5 Ways to Overcome an Addiction to Methadone
For millions of people, methadone has been a life-saving tool to help them get off their opiate addiction. However, because methadone is classified as a Schedule II substance, this means that it has a high abuse potential.
For a select few addicts, instead of experiencing the helpful effects of methadone, they end up finding themselves addicted. Methadone can produce both a physical dependence and psychological addiction if not used properly.
Luckily, being addicted to methadone is not as serious as being addicted to other opiates. With a lot of help and determination, you can easily end your methadone addiction and become drug-free for good.
1. Talk to Your Doctor
The first thing you should always do if you are addicted to any substance is converse with a doctor. They can look at your medical history and recommend the best and safest method of treatment moving forward. This might be altering your methadone schedule to reduce your intake of the drug and slowly curb you addiction.
They might also be able to recommend counseling or other rehab programs depending on the severity of your addiction.
2. Use a Support Hotline
In some cases, you might not be ready to talk with a doctor because you feel scared or anxious. In these cases, using a support hotline for help is a good tool to prepare yourself for a doctor visit.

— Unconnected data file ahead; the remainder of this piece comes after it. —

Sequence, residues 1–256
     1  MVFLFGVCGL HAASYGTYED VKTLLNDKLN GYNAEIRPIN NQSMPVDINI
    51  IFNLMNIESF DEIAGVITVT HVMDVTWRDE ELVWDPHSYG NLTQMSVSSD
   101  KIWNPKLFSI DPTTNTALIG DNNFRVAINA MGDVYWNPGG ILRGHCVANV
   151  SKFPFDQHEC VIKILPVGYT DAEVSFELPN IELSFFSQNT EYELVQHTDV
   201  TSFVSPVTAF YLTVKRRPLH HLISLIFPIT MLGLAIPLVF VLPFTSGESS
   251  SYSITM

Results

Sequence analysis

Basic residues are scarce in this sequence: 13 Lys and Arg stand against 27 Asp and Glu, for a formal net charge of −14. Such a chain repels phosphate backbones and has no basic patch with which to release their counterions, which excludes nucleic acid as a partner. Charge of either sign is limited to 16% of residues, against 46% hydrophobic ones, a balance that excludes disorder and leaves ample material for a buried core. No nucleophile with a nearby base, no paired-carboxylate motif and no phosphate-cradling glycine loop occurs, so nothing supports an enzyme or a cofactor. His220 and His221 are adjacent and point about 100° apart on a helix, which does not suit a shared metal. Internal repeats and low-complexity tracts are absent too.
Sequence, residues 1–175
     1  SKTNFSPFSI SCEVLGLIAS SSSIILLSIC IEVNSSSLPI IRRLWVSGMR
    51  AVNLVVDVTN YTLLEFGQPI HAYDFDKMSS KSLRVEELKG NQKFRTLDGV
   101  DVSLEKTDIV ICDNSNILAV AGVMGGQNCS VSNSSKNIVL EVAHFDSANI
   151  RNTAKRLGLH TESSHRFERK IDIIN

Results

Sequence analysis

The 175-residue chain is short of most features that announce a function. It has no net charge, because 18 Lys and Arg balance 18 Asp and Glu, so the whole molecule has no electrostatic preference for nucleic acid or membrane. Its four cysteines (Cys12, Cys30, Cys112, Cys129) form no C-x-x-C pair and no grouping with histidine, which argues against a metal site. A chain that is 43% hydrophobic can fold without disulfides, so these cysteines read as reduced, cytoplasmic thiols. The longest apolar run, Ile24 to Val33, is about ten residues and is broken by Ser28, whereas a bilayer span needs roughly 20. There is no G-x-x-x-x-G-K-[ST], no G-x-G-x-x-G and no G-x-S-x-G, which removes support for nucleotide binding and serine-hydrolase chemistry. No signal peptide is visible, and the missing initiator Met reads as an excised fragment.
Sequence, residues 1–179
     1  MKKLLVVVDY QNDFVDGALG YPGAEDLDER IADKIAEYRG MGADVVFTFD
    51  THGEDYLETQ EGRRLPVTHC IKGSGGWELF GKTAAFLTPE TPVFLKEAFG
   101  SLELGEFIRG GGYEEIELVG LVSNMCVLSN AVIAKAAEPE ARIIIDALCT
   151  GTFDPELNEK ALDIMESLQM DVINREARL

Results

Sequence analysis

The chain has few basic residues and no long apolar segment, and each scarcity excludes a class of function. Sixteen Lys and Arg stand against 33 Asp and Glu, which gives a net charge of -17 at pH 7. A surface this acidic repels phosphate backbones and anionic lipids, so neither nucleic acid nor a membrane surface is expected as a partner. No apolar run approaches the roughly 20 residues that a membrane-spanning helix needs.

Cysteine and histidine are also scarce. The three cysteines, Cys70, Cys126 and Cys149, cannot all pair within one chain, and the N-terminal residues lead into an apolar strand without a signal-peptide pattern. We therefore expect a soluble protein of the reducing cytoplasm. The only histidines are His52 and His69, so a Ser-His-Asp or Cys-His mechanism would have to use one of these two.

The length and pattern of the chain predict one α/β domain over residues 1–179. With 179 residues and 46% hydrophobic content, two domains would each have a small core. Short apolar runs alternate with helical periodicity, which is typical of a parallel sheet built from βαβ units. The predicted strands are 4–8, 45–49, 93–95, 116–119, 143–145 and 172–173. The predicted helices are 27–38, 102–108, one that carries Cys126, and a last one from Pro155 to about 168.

If you’d like to learn more about methadone addiction and how to overcome it, our support specialists can give you the knowledge and power you need before you visit your doctor. Call us at 800-891-9360 to learn more.
3. Prepare for Withdrawal Symptoms
While methadone does not have as severe withdrawal symptoms as heroin or other drugs, they are still quite potent and unbearable. By preparing yourself to experience these symptoms, you can be mentally and physically ready when the time comes.
Some common withdrawal symptoms include:
- constipation or abdominal pain
- sweating or chills
- sexual dysfunction
- trouble sleeping
- depression and anxiety
- extreme cravings
4. Try Switching to Another Drug
In some cases, your doctor might be able to switch you to another drug in order to help you get off methadone. For example, one alternative to methadone is buprenorphine.
It will also provide the reduced side effects of methadone while blocking withdrawal symptoms, making it easier to stop taking methadone without relapsing back to heroin.
5. Alter Your Methadone Schedule
Methadone is a long-lasting drug, meaning that most patients only need to take it once a day in order to benefit from its effects. If you’ve built up to taking it more frequently than this, you will need to alter your methadone schedule.
Ask your doctor to help you taper off your doses and get back to the recommended amount at the recommended times.
Getting over a methadone addiction can be hard, especially if you began taking it as a method of getting over another opiate addiction.
However, with support from your doctor, family, and other loved ones, you will be able to overcome it.
For more inspiration and tips on overcoming methadone addiction, please call us at 800-891-9360.